The growths are so small I can't really tell if they are going to be a branch or not, remember a branch must have at least 2 buds. Can you see something that tips you off to them becoming branches or perhaps profis yet? I remember having a few plants that I thought were growing branches and they just ended up being long (stems?) with a single bud.
Name: Mayo
The Netherlands, Europe (Zone 9a)
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Mayo62
Jul 20, 2017 2:43 AM CST
haha, so the hormone powder is not a good idea!
It was just a thought Big Grin

The small growths in my photo's are definitely going to be prolifs as they appeared on scapes that are almost done flowering Thumbs up

What is a 'branch' with only 1 bud called.. a sideshoot?
I have several cultivars with (real) branches quite low on the scape, always on the spot of a bract
(if you don't pay attention they appear to be seperate scapes!)

I rather liked that because the flowers never crowd each other Thumbs up
But perhaps it is considered a flaw..?


Mayo
a DL flower a day keeps the doctor away
Name: Nikki
Yorkshire, UK (Zone 8a)
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Scatterbrain
Jul 20, 2017 2:50 AM CST
What do you do with prolifs?

I get them every year on Priscilla's Dream. How do you get them to make a new plant, do you just cut them off the scape? If so, when and where do you cut? And then what do you do with it?

Name: Nancy
Bowling Green Kentucky (Zone 6b)
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alilyfan
Jul 20, 2017 5:26 AM CST
I have a couple of plants that do produce prolifs every year, and yes, they do seem to be plants that multiply well anyway. If I have a new plant though, I am happy to harvest any prolifs. Really easy when you get nice prolifs that seem to develop roots right on the plant, & I've gotten to the point unless it is a coveted plant, I ignore the ones I have to punier ones. Seedlings seem to produce prolifs a lot.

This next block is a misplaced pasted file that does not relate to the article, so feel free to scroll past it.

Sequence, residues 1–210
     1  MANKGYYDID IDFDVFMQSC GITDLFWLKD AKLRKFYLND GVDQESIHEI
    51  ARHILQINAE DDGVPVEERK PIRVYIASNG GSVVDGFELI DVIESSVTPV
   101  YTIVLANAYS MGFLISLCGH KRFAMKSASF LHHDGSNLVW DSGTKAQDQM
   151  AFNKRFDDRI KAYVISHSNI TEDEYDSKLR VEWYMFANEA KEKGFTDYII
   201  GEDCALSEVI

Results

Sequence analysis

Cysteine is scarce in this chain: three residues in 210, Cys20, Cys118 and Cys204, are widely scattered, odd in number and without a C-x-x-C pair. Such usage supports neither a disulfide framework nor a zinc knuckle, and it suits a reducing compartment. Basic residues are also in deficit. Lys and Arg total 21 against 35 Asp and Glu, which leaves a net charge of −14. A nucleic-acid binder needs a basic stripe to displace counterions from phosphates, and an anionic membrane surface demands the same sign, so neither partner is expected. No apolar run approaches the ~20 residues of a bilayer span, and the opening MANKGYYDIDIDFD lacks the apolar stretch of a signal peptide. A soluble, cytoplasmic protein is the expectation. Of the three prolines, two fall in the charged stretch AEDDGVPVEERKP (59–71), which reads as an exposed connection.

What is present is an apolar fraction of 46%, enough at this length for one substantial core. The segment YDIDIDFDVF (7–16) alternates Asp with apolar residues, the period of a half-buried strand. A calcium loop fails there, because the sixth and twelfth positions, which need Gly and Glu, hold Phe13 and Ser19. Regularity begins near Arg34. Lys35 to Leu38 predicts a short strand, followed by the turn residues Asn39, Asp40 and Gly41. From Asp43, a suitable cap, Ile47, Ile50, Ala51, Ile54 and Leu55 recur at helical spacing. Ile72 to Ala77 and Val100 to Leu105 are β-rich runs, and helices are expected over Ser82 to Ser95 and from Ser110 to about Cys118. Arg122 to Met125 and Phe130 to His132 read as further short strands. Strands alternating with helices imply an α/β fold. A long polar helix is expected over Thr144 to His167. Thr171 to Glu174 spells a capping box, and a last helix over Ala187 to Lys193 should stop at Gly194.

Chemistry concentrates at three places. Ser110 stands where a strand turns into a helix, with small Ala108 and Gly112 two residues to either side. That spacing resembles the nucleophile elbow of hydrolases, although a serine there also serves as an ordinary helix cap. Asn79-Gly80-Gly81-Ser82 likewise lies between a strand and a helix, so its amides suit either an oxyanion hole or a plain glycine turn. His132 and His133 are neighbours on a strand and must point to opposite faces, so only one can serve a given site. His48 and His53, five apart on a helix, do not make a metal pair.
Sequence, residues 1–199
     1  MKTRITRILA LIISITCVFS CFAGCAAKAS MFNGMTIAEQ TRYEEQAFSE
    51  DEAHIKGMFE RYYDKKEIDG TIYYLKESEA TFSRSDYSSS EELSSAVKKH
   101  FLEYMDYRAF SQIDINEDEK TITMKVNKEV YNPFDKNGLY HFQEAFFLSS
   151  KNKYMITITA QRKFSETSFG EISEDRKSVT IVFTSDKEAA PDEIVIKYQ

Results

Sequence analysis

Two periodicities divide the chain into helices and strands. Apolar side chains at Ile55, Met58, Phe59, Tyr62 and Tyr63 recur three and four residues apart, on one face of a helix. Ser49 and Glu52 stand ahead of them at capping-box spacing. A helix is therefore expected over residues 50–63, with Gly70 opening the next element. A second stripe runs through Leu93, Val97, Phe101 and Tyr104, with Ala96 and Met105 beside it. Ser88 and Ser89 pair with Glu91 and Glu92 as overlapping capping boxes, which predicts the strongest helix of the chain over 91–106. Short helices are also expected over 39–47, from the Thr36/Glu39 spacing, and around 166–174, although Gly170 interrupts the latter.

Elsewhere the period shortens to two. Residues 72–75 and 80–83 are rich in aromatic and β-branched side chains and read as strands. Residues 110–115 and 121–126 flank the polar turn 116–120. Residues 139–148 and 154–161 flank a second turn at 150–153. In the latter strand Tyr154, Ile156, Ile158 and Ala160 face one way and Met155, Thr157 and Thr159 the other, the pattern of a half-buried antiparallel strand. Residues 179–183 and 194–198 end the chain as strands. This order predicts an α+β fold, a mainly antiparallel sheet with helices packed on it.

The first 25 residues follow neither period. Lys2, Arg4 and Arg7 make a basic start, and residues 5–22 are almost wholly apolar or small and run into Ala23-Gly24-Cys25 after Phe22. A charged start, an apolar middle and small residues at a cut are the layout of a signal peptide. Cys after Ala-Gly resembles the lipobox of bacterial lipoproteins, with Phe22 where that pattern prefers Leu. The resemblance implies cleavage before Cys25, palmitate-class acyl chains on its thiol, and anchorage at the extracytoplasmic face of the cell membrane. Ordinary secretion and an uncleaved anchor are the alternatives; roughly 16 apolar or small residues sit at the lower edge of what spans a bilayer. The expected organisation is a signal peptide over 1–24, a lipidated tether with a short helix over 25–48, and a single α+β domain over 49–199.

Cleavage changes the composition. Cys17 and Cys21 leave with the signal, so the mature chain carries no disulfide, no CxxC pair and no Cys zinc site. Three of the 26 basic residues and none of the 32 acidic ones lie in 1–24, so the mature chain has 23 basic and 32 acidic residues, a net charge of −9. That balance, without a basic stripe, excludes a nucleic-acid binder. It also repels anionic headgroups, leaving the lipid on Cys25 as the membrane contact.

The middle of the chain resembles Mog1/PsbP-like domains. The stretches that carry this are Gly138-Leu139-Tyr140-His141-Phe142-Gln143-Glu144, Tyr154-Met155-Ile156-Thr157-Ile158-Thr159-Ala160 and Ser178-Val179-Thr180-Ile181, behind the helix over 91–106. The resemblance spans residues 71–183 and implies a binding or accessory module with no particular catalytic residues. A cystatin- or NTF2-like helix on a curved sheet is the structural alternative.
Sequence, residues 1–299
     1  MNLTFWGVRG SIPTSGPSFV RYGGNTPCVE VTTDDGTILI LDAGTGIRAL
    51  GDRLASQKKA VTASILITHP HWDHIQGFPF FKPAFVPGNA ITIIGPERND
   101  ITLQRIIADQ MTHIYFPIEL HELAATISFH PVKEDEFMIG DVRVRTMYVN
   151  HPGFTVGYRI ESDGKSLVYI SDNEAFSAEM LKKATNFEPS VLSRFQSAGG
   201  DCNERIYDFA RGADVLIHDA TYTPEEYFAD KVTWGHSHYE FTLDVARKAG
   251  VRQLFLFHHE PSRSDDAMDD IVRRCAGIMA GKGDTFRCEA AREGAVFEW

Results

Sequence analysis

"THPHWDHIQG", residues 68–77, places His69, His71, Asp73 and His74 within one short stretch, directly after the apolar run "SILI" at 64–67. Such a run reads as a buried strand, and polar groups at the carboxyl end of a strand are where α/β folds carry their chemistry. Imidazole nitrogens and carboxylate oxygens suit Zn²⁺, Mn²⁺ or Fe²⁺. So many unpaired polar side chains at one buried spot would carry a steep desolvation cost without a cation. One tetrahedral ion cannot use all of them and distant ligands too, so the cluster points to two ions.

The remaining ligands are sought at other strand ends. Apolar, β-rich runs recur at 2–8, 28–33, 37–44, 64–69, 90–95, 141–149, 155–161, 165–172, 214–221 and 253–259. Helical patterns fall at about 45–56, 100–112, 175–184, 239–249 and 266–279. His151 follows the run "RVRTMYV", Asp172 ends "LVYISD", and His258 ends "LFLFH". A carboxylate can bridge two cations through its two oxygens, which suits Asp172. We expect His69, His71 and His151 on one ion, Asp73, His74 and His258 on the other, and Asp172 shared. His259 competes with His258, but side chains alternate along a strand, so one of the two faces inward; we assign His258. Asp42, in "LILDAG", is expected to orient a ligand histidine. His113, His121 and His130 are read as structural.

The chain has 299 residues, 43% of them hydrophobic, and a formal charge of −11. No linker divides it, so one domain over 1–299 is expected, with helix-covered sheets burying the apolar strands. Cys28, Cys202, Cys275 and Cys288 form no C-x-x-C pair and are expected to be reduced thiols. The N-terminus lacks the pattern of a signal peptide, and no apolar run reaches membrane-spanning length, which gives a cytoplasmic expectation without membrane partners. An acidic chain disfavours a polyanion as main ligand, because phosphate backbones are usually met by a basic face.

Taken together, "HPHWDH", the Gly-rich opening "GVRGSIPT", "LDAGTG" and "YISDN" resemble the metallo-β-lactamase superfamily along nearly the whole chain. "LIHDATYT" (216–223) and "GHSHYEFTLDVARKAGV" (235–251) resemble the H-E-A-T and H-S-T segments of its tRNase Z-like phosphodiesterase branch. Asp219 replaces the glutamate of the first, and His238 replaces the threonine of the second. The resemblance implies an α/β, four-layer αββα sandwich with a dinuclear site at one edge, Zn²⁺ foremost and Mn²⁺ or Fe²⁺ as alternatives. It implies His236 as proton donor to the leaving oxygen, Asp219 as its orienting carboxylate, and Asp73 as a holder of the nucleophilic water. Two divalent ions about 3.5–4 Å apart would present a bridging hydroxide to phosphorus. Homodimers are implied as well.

Name: Mayo
The Netherlands, Europe (Zone 9a)
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Mayo62
Jul 20, 2017 5:32 AM CST
Usually I leave them on the scape as long as that is green (= if there are buds, flowers or a seedpod on the scape).

If it gets too big or the scape is dying I cut it off right above the prolif and about 4 inches below the prolif. I than put it in a glass of water (refresh every day) and wait until it has grown enough roots to plant. Or, if it has already developed enough roots while on the scape, I cut it off right above and below the prolif and plant it.

I know that other people put prolifs in the ground right away, roots or no, but this way worked very well for me last year so I'm sticking to it Whistling
Guess I'm still enough of a newbie that I don't want to risk loosing any new plants! Hilarious!

So far I have scapes in Loth Lorien, Roswitha, Wilson Spider, Lake Norman Spider, Mars Attacks, Margo Reed Indeed, Protostar, Alien Concept, Starsearch, Boitzer Crying Hero, Boitzer Lilac Diva, Boitzer Green Spagetti and 8 seedlings, but I haven't checked every plant yet.
I put a tall stake with a ribbon attached near every scape with a prolif or seedpod (2 different colors) My gardens look like they are having a party...

Rolling on the floor laughing
Mayo
a DL flower a day keeps the doctor away
Name: Sue Petruske
Wisconsin (Zone 5a)
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petruske
Jul 21, 2017 11:29 PM CST
Here is a picture of some prolifs I had last year on Sugar Plum Jam. I did put some root tone on the root area (didn't know if it would help but figured it wouldn't hurt). I would liked to have kept them on the scape longer but it was mid/late September (in zone 5a) and thought I better get them in the ground to try to get those tiny roots growing. I almost NEVER have very much of a root system on prolifs. Maybe because of the shorter growing season in my zone??? Anyway...I was shocked to see one of these actually bloom this year.

2016-September (one bloomed in 2017-July):
Thumb of 2017-07-22/petruske/4ed65f

[Last edited by petruske - Jul 21, 2017 11:30 PM (+)]
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Name: Larry